Last year's eliminator world champion Engen, in sixth place, said, "I had so much fun. It's so nice when you get a good start and are up there fighting with the best. Today I didn't have the strength to be up there for the last two laps, but I'll do everything I can tomorrow in the eliminator. I'll ride like a maniac and then I'll see if I'm the best one," she told Cyclingnews.

Lea Davison (United States of America) was the top placed North American rider in ninth, her second best career finish at the world championships.

"I had a great start, but some bad luck at the beginning - getting caught behind some crit-like chaos put me just off the lead group for the first half of the race," said Davison. "I just didn't have that little extra. Man, I was close. It's not what I wanted. I was aiming for the top step, but it was solid and I'm looking forward."

Olympic bronze medallist Georgia Gould (United States) continued to struggle in what has been a challenging season. She finished 27th.

"The problem was that nothing of note happened out there today for me," said Gould, whose expectations were pretty low going into the race after a tough season so far. There was one bright spot, though. "Last year I didn't ride any of the A lines and this year I rode all of them, so I guess that's progress."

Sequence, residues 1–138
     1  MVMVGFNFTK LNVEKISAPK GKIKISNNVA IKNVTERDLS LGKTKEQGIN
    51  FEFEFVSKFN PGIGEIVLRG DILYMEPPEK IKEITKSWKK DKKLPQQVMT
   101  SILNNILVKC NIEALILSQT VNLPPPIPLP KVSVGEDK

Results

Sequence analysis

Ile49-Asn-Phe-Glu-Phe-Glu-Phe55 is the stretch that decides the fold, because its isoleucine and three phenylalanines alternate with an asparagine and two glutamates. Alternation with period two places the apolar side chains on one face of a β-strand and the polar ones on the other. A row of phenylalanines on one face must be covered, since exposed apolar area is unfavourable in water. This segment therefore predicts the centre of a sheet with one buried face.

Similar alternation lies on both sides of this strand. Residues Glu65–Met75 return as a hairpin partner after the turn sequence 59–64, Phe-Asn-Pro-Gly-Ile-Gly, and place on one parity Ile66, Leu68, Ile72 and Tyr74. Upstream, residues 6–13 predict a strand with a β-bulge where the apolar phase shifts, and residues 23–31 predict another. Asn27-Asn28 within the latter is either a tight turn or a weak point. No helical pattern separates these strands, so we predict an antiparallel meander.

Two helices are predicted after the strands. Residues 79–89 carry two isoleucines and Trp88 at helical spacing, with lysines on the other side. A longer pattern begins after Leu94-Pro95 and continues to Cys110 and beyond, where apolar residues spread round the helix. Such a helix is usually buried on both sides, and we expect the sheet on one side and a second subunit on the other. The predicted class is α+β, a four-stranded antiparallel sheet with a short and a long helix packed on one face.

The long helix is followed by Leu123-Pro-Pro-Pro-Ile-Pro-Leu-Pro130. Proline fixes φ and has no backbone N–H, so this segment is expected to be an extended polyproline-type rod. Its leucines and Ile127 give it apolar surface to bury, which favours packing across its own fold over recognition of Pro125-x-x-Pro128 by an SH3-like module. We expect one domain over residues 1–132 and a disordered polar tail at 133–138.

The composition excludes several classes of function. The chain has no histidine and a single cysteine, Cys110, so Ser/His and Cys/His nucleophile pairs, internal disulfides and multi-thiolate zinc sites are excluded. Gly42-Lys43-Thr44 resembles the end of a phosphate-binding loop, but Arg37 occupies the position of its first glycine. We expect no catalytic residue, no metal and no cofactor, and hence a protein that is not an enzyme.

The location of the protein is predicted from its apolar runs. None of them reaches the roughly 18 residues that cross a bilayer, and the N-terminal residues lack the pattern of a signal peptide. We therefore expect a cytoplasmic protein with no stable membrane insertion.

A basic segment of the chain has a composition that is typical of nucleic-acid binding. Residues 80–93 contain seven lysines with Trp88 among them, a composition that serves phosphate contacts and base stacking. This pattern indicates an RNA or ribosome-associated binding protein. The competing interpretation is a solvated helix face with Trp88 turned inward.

Former world champions Gunn Rita Dahle-Flesjaa and Catharine Pendrel (Canada) were 8th and 20th respectively.

"I'd had a beautiful start - working my way from third row into the top 10 on Katerina's wheel, but then I washed out on a corner in the amphitheater on the first lap and lost some spots," said Pendrel. "I was caught in traffic, worked my way back up and then crashed on the second lap in the rock garden. My body never really got going after that."

The South African contingent battled against the elite international competition with none of the representatives able to avoid the 80% rule in the race finale.

The local cause was also dealt a further cruel blow when their contingent was reduced by one after Amy McDougall crashed heavily at the Tree House section which meant that she had to be stretchered off the course after she went over the front of her handlebars.

Some editorial assistance provided by Gameplan Media